Arthur J. Villasanta – Fourth Estate Contributor
Washington, DC, United States (4E) – The escalation of Donald Trump’s trade war with China, the second part of which will kick-in this September, will eventually end-up harming the U.S. economy, said a Federal Reserve official.
Dallas Federal Reserve Bank President Robert Kaplan is making it his business to sound the alarm with lawmakers and government officials about the crippling impacts Trump’s trade war will inflict on an economy that has seen steady growth over the past few years.
“What’s going on in the short-run certainly isn’t positive, but for me it isn’t sufficient yet to materially change my outlook,” said Kaplan. “It is also part of my job to call out relevant issues that affect economic growth in the United States, even if they are not in the purview of the Fed.”
He also pointed out that “I’m not doing my job if we don’t call out this trade analysis,” to the public, to Democratic and Republican policymakers, appointed officials and elected officials.
More than $34 billion worth of Chinese products were immediately hit by the new taxes that went into effect July 6. China immediately struck back and imposed retaliatory tariffs on $34 billion worth of imported U.S., including autos. Agricultural products faced 25 percent tariffs.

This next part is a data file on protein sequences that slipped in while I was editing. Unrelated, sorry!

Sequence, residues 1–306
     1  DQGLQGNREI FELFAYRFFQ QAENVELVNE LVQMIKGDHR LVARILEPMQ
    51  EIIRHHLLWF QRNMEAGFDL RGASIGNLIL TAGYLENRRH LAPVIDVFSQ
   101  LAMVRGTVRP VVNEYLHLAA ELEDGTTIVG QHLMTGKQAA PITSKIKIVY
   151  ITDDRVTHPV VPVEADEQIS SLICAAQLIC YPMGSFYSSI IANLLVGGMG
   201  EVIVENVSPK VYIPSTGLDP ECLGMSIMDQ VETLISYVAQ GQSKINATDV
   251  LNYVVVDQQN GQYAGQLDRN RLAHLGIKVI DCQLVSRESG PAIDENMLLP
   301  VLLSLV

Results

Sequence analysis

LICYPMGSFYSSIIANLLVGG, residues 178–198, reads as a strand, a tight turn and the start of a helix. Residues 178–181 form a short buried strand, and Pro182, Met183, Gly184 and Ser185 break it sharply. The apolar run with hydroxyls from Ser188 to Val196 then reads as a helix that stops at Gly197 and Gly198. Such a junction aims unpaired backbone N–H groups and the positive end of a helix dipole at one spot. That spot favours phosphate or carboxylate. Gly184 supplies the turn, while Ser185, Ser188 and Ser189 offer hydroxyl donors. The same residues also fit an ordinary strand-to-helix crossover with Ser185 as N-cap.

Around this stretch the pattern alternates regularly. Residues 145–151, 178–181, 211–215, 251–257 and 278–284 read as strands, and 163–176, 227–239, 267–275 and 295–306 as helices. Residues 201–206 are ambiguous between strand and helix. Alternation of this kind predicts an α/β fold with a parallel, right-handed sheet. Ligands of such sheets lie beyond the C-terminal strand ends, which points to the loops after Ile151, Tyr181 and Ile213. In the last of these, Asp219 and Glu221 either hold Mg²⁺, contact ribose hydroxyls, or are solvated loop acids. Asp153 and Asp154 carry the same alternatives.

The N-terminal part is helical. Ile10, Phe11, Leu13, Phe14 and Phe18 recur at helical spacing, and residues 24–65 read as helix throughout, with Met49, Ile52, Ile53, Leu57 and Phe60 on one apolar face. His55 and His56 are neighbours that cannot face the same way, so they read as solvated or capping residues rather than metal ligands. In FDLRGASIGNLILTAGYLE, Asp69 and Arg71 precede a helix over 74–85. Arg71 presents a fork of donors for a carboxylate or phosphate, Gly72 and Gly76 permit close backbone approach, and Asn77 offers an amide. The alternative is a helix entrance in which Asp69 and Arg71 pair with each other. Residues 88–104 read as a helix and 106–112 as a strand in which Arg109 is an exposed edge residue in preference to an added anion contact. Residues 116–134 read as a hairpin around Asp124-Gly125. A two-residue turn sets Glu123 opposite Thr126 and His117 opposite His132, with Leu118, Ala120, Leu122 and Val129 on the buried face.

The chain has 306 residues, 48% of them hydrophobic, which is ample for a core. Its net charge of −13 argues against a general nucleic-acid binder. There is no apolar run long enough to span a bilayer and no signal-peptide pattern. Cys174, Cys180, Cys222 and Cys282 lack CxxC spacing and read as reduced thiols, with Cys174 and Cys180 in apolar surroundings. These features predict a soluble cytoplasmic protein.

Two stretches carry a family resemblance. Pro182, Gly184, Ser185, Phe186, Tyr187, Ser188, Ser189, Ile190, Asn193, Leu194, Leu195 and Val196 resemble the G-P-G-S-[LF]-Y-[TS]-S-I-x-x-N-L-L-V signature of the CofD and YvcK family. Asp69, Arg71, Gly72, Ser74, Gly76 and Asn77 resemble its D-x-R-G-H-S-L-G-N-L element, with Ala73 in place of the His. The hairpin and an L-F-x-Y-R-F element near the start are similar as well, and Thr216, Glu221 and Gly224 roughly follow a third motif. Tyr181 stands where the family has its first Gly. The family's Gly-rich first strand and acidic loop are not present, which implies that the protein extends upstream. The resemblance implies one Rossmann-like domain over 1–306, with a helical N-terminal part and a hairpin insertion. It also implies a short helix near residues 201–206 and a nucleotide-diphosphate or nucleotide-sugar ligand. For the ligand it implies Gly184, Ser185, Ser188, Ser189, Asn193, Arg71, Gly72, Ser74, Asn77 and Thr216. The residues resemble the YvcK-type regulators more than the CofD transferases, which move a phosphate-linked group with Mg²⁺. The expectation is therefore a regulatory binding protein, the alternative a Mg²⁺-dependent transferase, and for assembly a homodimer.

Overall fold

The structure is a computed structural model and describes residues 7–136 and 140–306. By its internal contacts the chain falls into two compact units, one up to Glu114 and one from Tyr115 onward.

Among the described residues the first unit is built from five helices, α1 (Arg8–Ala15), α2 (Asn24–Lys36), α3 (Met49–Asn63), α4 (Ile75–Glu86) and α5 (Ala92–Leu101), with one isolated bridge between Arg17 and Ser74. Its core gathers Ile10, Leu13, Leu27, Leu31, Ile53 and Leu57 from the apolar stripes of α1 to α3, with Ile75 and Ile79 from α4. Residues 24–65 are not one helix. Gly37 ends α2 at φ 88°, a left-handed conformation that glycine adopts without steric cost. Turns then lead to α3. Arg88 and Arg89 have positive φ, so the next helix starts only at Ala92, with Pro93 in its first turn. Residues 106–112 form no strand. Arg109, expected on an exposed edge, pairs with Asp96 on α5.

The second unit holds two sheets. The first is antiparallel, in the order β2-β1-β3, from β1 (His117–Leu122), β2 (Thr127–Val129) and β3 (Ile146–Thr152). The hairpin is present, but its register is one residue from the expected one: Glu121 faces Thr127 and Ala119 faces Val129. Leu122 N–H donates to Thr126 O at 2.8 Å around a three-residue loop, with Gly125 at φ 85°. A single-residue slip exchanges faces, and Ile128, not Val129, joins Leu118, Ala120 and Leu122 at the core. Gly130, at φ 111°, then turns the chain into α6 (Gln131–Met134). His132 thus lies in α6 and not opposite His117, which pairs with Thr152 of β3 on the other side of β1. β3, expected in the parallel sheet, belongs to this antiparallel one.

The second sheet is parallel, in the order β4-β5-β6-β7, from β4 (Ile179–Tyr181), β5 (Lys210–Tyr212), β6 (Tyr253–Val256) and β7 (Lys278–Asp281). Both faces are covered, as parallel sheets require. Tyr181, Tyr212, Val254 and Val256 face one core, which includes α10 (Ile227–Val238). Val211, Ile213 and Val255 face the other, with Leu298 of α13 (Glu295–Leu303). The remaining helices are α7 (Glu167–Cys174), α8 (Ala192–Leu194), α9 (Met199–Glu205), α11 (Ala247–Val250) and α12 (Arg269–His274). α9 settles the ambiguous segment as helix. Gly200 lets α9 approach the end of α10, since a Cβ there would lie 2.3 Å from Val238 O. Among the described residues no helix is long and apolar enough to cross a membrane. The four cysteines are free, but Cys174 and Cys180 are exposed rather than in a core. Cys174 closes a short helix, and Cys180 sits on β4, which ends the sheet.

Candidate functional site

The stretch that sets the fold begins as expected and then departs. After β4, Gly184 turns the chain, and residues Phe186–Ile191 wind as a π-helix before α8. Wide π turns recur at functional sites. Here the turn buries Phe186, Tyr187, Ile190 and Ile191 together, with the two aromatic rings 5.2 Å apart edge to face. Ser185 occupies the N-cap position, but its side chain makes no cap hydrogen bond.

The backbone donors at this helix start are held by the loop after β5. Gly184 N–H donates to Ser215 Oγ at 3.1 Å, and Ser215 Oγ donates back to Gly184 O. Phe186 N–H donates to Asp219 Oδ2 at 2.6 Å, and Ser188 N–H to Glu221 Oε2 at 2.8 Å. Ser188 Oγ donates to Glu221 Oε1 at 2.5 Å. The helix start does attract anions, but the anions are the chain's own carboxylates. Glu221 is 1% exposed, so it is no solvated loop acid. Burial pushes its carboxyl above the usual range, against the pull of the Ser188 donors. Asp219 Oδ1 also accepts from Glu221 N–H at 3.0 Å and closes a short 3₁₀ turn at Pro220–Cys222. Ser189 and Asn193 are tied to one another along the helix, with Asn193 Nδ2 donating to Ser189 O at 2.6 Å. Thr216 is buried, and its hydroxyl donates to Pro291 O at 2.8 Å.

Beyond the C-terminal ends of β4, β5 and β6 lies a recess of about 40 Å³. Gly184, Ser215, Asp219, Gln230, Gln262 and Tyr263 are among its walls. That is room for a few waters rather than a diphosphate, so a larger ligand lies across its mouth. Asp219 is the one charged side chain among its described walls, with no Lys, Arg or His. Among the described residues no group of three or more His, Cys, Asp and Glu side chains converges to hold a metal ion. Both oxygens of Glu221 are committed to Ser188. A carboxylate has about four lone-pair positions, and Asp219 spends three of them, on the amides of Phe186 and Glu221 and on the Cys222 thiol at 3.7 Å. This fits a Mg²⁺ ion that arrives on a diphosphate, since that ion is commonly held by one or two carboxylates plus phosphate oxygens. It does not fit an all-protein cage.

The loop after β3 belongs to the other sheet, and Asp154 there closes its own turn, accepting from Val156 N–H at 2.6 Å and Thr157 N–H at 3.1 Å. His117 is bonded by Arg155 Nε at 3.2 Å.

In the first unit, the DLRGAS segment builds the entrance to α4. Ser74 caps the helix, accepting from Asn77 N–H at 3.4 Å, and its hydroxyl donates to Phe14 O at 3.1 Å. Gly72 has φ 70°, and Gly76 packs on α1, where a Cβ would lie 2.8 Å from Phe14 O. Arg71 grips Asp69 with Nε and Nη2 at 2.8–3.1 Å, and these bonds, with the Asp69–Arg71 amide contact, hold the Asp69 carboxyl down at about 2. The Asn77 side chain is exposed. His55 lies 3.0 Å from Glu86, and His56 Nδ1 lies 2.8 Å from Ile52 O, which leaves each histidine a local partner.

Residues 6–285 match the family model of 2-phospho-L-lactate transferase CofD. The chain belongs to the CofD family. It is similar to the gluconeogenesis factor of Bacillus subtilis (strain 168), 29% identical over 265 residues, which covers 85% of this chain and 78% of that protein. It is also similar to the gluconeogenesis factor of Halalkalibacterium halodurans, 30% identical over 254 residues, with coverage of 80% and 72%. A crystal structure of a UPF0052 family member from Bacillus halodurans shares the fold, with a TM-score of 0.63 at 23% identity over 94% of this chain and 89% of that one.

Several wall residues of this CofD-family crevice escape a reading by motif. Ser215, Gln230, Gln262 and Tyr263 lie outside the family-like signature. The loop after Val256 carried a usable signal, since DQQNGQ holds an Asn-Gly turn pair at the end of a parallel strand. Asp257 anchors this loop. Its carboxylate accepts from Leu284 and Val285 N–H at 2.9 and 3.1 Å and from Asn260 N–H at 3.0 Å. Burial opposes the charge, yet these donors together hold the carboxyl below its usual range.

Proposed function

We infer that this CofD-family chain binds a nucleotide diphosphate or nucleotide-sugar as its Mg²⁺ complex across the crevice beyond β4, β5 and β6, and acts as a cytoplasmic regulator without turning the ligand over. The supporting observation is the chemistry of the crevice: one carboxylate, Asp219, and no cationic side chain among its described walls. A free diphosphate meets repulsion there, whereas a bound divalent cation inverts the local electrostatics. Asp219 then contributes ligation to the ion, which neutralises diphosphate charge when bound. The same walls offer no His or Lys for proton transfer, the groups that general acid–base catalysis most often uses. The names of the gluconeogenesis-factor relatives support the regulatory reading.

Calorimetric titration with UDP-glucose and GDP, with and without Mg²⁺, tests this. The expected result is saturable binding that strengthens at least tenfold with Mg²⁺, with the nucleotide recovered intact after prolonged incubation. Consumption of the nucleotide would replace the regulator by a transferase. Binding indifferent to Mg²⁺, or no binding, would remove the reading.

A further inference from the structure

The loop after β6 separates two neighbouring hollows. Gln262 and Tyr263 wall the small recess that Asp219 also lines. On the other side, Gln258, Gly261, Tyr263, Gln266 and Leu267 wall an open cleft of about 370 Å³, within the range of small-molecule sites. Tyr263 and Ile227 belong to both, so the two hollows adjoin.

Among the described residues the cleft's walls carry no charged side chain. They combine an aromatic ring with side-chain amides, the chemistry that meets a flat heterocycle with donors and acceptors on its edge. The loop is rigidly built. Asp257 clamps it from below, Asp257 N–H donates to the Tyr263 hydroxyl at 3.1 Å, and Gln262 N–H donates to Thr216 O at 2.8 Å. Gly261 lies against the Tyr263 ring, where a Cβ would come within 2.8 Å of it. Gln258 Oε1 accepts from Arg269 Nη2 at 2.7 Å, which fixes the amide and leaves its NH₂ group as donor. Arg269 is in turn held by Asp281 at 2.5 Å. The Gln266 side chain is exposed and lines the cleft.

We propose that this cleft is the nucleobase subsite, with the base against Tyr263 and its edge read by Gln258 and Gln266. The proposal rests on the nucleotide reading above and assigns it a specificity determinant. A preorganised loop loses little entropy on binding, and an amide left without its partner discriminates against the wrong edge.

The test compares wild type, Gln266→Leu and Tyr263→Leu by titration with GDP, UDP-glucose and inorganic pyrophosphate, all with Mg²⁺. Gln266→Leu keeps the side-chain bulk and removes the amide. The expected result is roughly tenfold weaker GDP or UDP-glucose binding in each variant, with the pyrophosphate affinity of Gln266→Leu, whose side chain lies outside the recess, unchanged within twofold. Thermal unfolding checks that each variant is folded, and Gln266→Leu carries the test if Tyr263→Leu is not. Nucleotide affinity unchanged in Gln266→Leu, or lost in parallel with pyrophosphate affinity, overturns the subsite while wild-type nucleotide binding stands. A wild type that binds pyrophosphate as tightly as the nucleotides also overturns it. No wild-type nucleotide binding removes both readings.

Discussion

China said it was forced to retaliate and will match future U.S. import tariffs. The U.S. has threatened to tax over $500 billion worth of Chinese goods, or the total amount the U.S. imported from China in 2017.
In real world terms, Trump will increase the taxes on $16 billion worth of Chinese goods in two weeks. Should China counter this move, U.S. tariffs will be imposed on $450 billion worth of Chinese goods.
“We can probably say that the trade war has officially started,” said Chen Feixiang, professor of applied economics at Shanghai Jiaotong University’s Antai Colege of Economics and Management. “If this ends at $34 billion, it will have a marginal effect on both economies, but if it escalates to $500 billion like Trump said then it’s going to have a big impact for both countries.”
The Trump administration last upped the ante in its trade war with China, saying it will impose 10 percent tariffs on an extra $200 billion worth of Chinese imports.
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